project IV
project I

project II

project III

project IV

project V

project VI

project VII

project VIII

project IX

project X

current vacancies


project IV: DOC as an integrator of the effects of multiple stresses on aquatic ecosystems

The importance of DOC as a constituent of natural waters because of the many roles it plays in controlling the chemical and physical environment was emphasized in Project III. The role of DOC as a common factor linking the effects of multiple stresses, including acid deposition and climate change, was also described. Project IV focuses on the interactions and effects of two very specific stresses, the increase in sulphur and nitrogen deposition expected in the next few years, and the El Nino of 1997-98, on the DOC cycle in the two lakes and their watersheds that are studied in Project III.

It is well established that the formation of DOC is primarily a wetland phenomenon (Bayley et al. 1986, Dillon and Molot 1997). Consequently, an important factor controlling DOC levels in streams and lakes is the extent and nature of wetlands in their watersheds. The nature and extent of wetlands in the watersheds is, in turn, affected by temperature and precipitation regimes,which are, of course, altered by climate change; for example, climate change in north-western Ontario led to changes in the DOC levels in lakes (Schindler et al. 1990, 1997). The magnitude and rate of water table response within wetlands to summer drought, such as caused by El Nino events, has been shown to be a function of the hydrogeologic setting (Devito and Hill 1997). Predicted water table draw downs in the watersheds of the study lakes may influence DOC production within and hydrologic flow paths to and through wetland areas. The export of DOC from watersheds, and thus the concentrations in lakes, is also affected by acid deposition (Dillon et al. 1987). Although the mechanism is uncertain, it is probably the result of reduced solubility of DOC at lower pH, enhanced precipitation of DOC by higher levels of soluble metals (Al, Fe),enhanced adsorption onto hydrous oxides, or a combination of these mechanisms.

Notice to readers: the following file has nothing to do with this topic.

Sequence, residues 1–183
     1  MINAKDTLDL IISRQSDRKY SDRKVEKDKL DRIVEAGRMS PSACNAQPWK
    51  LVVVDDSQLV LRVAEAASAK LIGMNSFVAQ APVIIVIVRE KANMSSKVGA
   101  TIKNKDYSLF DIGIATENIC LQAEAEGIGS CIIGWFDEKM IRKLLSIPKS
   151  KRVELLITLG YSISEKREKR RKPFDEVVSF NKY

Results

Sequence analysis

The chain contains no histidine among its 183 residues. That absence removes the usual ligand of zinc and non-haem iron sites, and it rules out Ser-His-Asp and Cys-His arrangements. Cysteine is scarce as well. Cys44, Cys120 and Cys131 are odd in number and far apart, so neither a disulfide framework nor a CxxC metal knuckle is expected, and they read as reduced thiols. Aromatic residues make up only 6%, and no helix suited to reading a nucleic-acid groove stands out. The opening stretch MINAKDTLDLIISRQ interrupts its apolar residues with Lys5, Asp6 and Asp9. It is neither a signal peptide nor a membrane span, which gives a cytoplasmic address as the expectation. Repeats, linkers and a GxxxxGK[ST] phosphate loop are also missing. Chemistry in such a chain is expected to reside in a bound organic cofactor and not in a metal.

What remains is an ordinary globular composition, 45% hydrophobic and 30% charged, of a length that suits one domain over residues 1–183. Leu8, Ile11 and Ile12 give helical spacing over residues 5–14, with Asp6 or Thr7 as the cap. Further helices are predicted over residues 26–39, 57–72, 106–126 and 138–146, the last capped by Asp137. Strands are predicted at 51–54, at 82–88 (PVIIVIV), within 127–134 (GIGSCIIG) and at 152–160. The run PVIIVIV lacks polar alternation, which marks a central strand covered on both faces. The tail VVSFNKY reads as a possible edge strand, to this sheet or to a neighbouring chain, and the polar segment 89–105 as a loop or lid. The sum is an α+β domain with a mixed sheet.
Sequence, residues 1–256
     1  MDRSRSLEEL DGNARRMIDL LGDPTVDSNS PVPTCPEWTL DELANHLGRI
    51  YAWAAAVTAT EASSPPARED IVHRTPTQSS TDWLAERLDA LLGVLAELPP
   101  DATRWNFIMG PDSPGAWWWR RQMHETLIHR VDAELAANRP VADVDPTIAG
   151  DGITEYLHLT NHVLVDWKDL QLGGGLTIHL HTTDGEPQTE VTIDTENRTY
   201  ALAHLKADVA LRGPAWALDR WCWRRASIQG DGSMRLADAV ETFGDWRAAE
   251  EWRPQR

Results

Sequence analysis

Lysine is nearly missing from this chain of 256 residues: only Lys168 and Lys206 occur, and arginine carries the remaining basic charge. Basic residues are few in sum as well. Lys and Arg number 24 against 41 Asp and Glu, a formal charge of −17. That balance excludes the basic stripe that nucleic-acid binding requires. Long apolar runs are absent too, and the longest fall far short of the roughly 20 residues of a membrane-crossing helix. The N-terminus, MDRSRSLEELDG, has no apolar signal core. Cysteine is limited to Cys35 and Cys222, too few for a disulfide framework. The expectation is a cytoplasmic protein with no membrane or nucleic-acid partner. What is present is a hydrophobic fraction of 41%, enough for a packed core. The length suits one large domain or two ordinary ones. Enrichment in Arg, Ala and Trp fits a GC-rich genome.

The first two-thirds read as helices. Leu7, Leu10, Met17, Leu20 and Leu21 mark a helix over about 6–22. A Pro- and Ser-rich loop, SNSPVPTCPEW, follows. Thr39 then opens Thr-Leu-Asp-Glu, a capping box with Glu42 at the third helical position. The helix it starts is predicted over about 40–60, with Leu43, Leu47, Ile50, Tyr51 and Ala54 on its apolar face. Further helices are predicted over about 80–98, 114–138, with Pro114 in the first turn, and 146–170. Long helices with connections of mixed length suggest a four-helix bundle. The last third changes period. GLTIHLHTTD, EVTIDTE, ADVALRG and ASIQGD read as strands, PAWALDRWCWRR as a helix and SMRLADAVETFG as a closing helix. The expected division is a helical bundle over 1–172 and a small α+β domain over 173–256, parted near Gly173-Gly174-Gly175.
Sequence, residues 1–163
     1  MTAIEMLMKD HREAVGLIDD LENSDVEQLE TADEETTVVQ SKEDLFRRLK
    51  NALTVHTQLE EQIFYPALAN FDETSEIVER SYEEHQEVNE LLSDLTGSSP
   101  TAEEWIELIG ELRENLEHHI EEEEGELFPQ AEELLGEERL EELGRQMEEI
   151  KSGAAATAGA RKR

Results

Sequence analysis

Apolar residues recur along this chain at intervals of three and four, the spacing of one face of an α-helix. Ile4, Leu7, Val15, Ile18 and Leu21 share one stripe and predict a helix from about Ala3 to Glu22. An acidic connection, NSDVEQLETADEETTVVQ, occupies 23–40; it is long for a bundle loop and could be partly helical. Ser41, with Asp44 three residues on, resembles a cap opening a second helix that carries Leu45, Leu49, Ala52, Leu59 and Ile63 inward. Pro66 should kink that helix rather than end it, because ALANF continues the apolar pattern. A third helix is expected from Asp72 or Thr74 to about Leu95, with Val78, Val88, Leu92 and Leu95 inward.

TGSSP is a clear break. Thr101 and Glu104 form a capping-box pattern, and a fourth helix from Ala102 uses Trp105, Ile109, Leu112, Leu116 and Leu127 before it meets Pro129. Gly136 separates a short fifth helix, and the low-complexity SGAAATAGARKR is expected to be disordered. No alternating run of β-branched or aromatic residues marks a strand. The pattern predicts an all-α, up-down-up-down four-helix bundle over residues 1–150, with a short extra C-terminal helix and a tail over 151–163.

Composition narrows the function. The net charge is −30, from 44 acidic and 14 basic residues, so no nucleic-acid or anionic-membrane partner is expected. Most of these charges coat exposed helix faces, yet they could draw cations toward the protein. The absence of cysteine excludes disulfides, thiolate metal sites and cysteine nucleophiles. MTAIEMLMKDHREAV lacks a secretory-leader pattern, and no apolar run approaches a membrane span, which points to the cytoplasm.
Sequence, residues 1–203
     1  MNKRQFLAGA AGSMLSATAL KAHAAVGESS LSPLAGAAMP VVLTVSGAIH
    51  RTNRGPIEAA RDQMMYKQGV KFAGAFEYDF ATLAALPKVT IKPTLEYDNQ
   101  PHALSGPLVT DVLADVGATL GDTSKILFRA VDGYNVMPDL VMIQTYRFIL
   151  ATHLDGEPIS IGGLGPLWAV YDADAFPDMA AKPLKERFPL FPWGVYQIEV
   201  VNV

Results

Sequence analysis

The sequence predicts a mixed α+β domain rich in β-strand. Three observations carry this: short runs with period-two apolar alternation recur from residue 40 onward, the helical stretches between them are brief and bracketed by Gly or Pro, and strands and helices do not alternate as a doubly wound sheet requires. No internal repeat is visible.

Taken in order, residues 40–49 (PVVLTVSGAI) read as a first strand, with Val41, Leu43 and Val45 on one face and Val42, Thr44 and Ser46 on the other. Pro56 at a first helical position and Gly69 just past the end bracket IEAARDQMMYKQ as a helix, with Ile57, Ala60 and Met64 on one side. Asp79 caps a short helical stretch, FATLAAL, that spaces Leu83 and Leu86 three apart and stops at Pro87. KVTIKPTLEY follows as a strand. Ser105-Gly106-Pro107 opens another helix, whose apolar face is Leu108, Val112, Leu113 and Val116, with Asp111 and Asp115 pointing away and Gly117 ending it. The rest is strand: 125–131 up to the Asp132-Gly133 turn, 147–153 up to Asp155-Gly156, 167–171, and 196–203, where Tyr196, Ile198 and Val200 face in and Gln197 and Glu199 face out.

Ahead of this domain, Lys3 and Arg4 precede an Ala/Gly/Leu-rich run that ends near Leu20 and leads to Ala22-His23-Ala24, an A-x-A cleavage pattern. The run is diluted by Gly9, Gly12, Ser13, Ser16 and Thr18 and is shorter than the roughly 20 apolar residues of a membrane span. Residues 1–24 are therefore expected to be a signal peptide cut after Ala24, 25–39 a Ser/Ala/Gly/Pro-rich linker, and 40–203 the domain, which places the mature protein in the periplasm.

The objectives of this study are to determine how two stresses (acid deposition, drought resulting from El Nino) interact to effect the quantity and quality of DOC exported from the study watersheds. The magnitude of the fluxes of DOC are controlled by position of the water table,vegetation community (labile carbon, vegetation type and litter quality) and nutrient supply (e.g.,the addition of nitrogen can stimulate both peat decomposition and net primary productivity). Each of these biological and environmental controls are directly and indirectly affected by both external and internal hydrology (Schiff et al. 1990, Waddington and Roulet 1997, Devito and Hill 1997). Anthropogenic stresses (e.g., climate and landuse change) can significantly alter the hydrologic regime and thus, the quality and quantity of DOC exported.

The specific hypotheses that will be tested include: (a) the amount and quality of DOC exported will differ between several wetland systems in the two watersheds and over the season with differences in water table position and hydrologic flow path; (b) the impact of drought on thermal regime, water table fluctuations and the amount and quality of DOC export is a predictable function of the hydrogeologic setting of the wetland - wetlands isolated from terrestrial runoff (e.g. bogs) will demonstrate the greatest change in DOC export following drought, and wetlands connected to continuous groundwater sources will demonstrate the weakest response; and (c) the effects of the increase in acid deposition and the drought-induced water table draw down in the next few years will be additive, and will result in significant decreases in DOC fluxes into the lakes. These hypotheses will be tested in several wetlands representing a range of hydrogeologic conditions. The study sites will include a nutrient poor conifer peatland receiving seasonal groundwater inputs and a minerotrophic conifer peatland with continuous groundwater connections.